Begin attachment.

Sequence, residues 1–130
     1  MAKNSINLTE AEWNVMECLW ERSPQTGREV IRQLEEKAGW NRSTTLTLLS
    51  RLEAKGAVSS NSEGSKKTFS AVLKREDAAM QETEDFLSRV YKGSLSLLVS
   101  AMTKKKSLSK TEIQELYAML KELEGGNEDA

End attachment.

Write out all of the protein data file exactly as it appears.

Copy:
Sequence, residues 1–130
     1  MAKNSINLTE AEWNVMECLW ERSPQTGREV IRQLEEKAGW NRSTTLTLLS
    51  RLEAKGAVSS NSEGSKKTFS AVLKREDAAM QETEDFLSRV YKGSLSLLVS
   101  AMTKKKSLSK TEIQELYAML KELEGGNEDA